Tag Archives: BusinessWeek


Biz magazines underperform industry in first quarter


The 14 business magazines underperformed the rest of the magazine industry in the first quarter, according to data from Publishers Information Bureau.

Combined, the business titles reported a 2.95 decrease in advertising revenue to $245.4 million and a 5.9 percent drop in advertising pages to 2,289.43. That compares to a 1.6 percent decrease in ad revenue and a 4 percent decrease in ad pages for the overall industry.

The performance continues a trend of the business titles underperforming the industry. The 14 business magazines reported ad revenue of $1.33 billion in 2013, down 4.8 percent from 2012, according to data from the Publishers Information Bureau. In comparison, the consumer magazine industry reported a 1.1 percent increase in 2013.

The best performing business magazine for the first three months of 2014 was Inc., which reported a 25.9 percent increase in advertising revenue to $8.7 million and a 24.1 percent increase in ad pages to 101.32.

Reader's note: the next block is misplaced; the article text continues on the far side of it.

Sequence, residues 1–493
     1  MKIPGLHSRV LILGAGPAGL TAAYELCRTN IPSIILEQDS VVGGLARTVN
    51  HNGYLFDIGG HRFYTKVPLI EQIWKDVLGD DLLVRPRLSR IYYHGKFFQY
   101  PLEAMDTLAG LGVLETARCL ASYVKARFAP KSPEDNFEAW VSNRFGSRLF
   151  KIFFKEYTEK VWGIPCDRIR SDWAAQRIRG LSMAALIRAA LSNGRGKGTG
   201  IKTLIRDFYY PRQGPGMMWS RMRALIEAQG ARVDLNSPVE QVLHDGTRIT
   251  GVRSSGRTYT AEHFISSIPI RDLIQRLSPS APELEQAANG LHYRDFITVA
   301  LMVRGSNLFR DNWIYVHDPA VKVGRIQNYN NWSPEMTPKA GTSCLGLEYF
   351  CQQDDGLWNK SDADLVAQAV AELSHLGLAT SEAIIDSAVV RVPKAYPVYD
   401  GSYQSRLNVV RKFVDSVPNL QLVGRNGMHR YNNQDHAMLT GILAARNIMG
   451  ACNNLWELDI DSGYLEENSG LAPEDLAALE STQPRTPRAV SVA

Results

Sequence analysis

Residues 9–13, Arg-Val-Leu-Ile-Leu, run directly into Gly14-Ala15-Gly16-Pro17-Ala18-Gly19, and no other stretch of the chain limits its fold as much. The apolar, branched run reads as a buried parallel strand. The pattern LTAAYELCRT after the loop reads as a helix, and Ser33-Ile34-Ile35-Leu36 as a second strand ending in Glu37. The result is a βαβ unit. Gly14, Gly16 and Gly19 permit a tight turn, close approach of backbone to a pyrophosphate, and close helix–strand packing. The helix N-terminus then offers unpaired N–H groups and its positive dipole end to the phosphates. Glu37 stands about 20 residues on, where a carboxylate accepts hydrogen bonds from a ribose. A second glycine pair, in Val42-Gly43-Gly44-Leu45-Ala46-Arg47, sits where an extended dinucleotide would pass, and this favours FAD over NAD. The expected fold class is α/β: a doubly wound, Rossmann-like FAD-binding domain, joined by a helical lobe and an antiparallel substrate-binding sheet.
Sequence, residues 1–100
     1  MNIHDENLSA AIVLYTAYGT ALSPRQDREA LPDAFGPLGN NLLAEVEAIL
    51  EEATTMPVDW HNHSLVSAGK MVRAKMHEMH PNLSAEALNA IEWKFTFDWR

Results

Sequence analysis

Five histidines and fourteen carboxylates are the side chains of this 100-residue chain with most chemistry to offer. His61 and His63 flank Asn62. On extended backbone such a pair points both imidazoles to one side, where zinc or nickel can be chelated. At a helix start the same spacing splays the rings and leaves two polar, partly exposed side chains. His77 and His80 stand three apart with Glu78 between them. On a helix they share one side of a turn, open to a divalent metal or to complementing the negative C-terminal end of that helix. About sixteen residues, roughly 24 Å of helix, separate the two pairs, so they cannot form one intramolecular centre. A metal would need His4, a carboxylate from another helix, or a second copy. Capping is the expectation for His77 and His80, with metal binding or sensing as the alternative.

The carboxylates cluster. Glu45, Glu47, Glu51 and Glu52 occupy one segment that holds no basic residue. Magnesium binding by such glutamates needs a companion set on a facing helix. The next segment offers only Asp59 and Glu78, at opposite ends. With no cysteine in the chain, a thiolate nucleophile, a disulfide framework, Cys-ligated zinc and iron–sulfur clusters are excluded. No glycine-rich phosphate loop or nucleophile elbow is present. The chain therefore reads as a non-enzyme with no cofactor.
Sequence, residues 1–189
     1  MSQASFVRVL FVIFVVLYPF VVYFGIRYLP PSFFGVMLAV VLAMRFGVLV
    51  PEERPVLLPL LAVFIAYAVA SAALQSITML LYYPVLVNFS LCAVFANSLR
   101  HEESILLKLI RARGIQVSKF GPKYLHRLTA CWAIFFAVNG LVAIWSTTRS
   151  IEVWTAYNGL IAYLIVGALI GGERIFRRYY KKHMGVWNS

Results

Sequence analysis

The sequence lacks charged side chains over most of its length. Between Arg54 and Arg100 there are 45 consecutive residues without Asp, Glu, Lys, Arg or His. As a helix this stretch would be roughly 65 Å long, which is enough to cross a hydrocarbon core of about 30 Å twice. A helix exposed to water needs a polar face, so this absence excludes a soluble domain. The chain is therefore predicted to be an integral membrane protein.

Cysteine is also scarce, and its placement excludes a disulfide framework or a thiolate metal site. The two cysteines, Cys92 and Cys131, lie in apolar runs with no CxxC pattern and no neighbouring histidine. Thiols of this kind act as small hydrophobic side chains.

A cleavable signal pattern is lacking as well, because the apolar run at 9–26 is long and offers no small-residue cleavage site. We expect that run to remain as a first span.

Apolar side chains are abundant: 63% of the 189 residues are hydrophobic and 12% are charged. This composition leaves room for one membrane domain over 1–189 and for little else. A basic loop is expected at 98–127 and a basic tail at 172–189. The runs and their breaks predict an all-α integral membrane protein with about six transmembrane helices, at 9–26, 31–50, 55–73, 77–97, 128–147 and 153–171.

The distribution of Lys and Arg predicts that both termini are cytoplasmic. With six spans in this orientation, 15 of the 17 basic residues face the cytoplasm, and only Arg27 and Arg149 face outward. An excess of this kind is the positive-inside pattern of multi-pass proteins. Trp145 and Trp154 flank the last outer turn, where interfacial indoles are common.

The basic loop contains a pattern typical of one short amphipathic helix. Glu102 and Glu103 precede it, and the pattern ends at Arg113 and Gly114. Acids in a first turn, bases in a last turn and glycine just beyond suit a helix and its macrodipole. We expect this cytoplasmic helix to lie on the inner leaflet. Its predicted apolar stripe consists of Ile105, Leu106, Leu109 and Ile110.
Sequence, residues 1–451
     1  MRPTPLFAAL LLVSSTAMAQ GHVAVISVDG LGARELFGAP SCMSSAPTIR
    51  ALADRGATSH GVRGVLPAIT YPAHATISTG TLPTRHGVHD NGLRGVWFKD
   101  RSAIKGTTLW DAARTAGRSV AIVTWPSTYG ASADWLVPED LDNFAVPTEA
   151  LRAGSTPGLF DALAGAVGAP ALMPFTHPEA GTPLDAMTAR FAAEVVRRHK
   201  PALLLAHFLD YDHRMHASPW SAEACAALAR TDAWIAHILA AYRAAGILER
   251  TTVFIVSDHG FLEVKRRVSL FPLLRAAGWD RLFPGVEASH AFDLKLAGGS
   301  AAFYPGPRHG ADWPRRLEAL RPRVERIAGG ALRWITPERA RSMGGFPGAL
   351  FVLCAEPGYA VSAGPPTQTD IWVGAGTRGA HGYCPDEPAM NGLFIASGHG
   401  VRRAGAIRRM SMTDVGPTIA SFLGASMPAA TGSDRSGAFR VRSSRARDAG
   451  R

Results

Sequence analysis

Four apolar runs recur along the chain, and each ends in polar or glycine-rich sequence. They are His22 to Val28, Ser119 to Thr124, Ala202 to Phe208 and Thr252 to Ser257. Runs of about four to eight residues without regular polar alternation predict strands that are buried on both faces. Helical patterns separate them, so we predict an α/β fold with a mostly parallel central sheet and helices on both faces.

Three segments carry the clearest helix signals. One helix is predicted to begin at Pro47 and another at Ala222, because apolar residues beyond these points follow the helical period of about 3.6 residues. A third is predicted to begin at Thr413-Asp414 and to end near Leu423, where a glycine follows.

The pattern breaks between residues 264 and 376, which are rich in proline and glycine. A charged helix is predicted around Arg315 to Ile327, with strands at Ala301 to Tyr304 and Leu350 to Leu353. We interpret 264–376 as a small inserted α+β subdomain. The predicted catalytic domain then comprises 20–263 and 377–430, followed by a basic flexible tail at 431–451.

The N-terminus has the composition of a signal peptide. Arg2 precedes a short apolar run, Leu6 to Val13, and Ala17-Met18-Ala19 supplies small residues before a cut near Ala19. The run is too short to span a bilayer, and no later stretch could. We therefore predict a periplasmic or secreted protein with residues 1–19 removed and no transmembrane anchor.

Behind it was Entrepreneur, which reported a 14.3 percent rise in advertising revenue to $23.2 million and a 14.9 percent increase in ad pages to 267.39.

Barron’s also reported a strong quarter, with advertising revenue rising 6.7 percent to $16.8 million and ad pages rising 3.1 percent rising to 305.87.

Among the big three business magazines, Forbes posted the best results, but all saw a decline in advertising revenue and advertising pages.

Forbes posted a 4.1 percent drop in ad revenue to $40.4 million and an 8.7 percent decline in ad pages to 242.98 for the quarter. Bloomberg Businessweek had a 6.6 decline in ad revenue to $33 million and a 10.6 percent drop in ad pages to 204.41, while Fortune had a 7.4 percent decline in ad pages to $38.5 million and a 10.8 percent decline in ad pages to 243.47.

The worst-performing business magazine was Black Enterprise, which had a 44.9 percent drop in ad revenue to $2.1 million and a 46 percent decline in ad pages to 44.61 in the quarter.

To review all of the data, go here.


NYSSCPA names financial journalism award winners


The New York State Society of Certified Public Accountants announced the winners of its 2014 Excellence in Financial Journalism Awards.